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Patricia Ann Caldwell Post-Doctoral Fellowship in Mathematics at Virginia Tech
The Department of Mathematics at Virginia Tech invites applications for a two-year appointment as the Patricia Ann Caldwell Post-Doctoral Fellow, to begin August 10, 2019. Candidates must have earned a Ph.D. in mathematics or a related field at the time of appointment. Preference will be given to applicants who can identify a Virginia Tech faculty member who will serve as a research mentor and to applicants whose Ph.D.'s were awarded no earlier than January 1, 2014. (For a list of faculty research areas, go to http://www.math.vt.edu/reResearchAreas.php) Applicants in all areas of mathematics will be considered. The teaching assignment is likely to be one course per semester and will not be more than that.
An online application is required. To complete the online application, go to http://www.hr.vt.edu, choose Prospective Employees, then choose Jobs, then Search Jobs (direct link https://listings.jobs.vt.edu ), and choose the Mathematics Department or choose posting number TR0190007. Please include a cover letter, a CV, and a research statement as part of the online application. You are encouraged to include a teaching statement as part of the online application. Each applicant should follow the instructions in the online application system to request that three references submit letters of recommendation, or letters can be emailed to email@example.com. Additional information about position requirements and responsibilities can be found at http://www.hr.vt.edu or https://www.math.vt.edu . The faculty handbook (available at http://www.provost.vt.edu ) gives a complete description of faculty responsibilities. As part of the hiring process, the successful applicant must pass a criminal background check. Questions about the search may be addressed to firstname.lastname@example.org.
Applications received by March 4, 2019 will receive full consideration. Virginia Tech is an Equal Opportunity / Affirmative Action Institution. Virginia Tech has a strong commitment to the principle of diversity and, in that spirit, seeks a broad spectrum of candidates including women, minorities, veterans, and people with disabilities. Individuals with disabilities desiring accommodations in the application process should notify Leigh Ann Teel ( email@example.com, 540-231-8269) or call TTY 1-800-828-1120 by the application deadline. Virginia Tech is the recipient of a National Science Foundation ADVANCE Institutional Transformation Award to increase the participation of women in academic science and engineering careers.
Faculty Search: Dynamical Systems and Spectral Theory.
The Math Department is currently conducting a search in the area of Dynamical Systems and Spectral Theory.
The Virginia Tech Department of Mathematics anticipates a tenure-track opening in Dynamical Systems and Spectral Theory with a start date of August 10, 2019, at our Blacksburg, VA, campus. The successful candidate will have a strong background in dynamical systems and spectral theory. Possible specialties may include, but are not limited to, harmonic analysis, ergodic theory, random matrix theory, aperiodic order, Schrödinger operators, renormalization methods, dispersive dynamics, non-selfadjoint operators, matrix computations or math-biology. The successful candidate will have the opportunity to engage in trans-disciplinary research, curriculum, and/or outreach initiatives with other university faculty working in Virginia Tech’s Destination Areas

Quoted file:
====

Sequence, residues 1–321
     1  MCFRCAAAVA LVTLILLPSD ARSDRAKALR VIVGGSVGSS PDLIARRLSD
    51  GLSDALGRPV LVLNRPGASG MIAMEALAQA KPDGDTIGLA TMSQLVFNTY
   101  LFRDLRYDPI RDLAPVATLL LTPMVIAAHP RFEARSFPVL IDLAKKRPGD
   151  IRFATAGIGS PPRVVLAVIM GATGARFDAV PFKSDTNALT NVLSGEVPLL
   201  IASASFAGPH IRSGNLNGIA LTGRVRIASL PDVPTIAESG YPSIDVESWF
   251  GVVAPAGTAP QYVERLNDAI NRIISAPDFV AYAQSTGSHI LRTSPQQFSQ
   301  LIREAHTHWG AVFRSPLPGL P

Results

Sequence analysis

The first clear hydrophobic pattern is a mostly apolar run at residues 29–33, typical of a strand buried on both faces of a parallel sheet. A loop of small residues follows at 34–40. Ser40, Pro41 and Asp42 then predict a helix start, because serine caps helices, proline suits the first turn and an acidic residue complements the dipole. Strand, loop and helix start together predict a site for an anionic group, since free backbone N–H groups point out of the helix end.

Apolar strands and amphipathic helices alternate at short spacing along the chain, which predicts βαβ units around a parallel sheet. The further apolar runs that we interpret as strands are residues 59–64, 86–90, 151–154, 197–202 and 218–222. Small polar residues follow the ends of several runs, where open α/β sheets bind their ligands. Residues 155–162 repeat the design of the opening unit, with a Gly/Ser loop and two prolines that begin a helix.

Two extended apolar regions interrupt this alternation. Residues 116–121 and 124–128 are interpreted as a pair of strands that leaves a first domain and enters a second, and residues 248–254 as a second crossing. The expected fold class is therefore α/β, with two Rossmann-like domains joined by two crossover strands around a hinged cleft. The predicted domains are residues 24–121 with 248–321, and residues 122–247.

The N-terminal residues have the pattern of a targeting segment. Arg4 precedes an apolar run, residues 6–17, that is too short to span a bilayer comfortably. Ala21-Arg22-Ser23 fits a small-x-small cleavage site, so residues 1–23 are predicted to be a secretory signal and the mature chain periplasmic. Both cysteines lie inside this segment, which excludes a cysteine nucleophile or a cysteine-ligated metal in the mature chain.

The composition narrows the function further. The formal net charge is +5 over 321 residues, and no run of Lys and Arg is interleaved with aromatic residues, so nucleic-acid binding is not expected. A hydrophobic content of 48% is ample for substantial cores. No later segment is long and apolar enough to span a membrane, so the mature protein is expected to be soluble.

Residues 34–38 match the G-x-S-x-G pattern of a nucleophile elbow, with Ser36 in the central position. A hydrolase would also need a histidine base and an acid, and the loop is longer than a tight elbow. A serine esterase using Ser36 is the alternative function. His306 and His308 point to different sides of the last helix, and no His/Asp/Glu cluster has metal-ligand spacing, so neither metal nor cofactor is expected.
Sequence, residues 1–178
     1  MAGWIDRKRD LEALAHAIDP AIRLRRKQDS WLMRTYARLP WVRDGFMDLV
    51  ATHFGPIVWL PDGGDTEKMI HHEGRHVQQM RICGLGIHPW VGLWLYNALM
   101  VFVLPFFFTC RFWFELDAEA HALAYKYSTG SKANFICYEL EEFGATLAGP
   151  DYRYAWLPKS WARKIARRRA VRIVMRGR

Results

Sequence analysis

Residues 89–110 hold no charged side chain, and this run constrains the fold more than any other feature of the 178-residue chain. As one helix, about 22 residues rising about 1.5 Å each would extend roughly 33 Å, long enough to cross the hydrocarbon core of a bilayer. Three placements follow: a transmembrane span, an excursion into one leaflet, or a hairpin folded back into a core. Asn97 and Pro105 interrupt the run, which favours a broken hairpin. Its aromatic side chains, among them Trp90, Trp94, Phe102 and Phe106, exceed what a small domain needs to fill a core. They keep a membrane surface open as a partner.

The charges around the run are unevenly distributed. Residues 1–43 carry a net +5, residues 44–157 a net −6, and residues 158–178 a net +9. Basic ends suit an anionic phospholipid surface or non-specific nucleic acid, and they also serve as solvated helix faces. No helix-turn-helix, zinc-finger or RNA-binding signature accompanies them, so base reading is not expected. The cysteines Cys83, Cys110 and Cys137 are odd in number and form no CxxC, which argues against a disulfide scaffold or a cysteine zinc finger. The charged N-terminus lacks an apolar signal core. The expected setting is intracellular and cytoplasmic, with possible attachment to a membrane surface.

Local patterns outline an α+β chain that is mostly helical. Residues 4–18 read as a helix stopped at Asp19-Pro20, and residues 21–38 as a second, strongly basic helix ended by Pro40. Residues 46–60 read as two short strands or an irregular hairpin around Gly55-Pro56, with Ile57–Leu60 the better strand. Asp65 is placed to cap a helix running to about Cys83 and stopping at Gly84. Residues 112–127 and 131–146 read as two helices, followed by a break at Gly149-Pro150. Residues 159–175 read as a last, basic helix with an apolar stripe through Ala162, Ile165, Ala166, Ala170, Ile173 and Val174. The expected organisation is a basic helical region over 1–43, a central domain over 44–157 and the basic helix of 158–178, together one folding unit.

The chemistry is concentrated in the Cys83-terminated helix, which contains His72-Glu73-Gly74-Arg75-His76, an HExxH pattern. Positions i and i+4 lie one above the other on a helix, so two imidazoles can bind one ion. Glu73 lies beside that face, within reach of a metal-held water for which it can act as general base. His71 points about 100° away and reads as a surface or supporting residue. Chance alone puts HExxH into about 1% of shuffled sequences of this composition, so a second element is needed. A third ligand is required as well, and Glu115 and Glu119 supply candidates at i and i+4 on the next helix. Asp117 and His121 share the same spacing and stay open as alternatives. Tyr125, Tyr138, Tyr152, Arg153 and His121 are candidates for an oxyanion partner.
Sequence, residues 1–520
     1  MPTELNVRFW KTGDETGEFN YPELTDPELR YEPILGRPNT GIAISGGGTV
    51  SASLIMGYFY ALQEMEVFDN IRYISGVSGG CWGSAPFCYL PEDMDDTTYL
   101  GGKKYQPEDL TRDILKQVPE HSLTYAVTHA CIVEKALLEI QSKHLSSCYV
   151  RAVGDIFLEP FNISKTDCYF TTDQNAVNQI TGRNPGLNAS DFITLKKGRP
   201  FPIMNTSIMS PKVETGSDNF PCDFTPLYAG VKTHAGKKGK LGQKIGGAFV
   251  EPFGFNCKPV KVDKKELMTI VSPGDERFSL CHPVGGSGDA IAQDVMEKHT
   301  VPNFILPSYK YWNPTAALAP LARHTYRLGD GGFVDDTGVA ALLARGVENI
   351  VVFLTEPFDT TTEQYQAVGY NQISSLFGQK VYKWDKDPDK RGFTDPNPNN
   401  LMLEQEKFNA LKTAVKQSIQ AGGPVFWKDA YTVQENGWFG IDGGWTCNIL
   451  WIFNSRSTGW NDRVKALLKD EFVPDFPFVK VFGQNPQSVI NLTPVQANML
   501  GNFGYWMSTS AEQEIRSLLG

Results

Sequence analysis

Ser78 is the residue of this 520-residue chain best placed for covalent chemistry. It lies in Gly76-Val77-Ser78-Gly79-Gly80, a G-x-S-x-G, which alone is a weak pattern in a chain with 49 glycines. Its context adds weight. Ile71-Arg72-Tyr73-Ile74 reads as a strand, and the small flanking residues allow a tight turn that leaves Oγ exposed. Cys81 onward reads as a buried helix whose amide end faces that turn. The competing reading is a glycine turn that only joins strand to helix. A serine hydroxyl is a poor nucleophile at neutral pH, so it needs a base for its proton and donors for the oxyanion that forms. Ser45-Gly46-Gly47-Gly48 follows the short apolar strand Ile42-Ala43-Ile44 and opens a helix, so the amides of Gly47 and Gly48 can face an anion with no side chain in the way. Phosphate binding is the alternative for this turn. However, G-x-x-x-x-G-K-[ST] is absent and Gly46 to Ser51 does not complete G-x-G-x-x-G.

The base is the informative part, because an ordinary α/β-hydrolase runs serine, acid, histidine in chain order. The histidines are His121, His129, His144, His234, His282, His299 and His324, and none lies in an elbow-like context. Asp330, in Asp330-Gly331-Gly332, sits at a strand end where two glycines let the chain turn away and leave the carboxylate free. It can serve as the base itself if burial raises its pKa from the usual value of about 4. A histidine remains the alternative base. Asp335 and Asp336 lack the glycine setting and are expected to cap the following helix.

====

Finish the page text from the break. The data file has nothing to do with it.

For more information see the position listing.
May 20-24 2019: Conference on Mathematical Physics at the Crossings, in celebration of George Hagedorn's 65th Birthday.
DROP/ADD: Spring 2019 drop/add opens November 24, 2018. If you tried to add an undergraduate math course and received an honors restriction, a major or level restriction, or a prerequisite error, please complete the Math Spring 2019 Drop/Add Survey. Students who receive a closed section error should continue to try to add themselves to a section of the course. We will open seats periodically. More information can be found here.
Featured ResearchYuriko Renardy -Mixtures of two liquids arise in many industrial applications, such as the production of incompatible polymer blends for recycling plastics. Typically, one of the molten polymers disperses as droplets in the other, and larger drops break up into smaller ones. Experimental studies show that the drop rupturing phenomenon and the resulting microstructure is sensitive to the physical properties of the fluid pairs, and this in turn has direct bearance on the quality of the final blend. Computational studies of the deformation and breakup behavior of a single droplet in a well-defined flow field are paradigms of theoretical investigations for immiscible polymer blends. The movie shows direct numerical simulation of microconfined droplet breakup to monodisperse satellites. Funded by NSF-DMS, computational resources through NCSA teragrid and VT-ARC.
Click here for more information.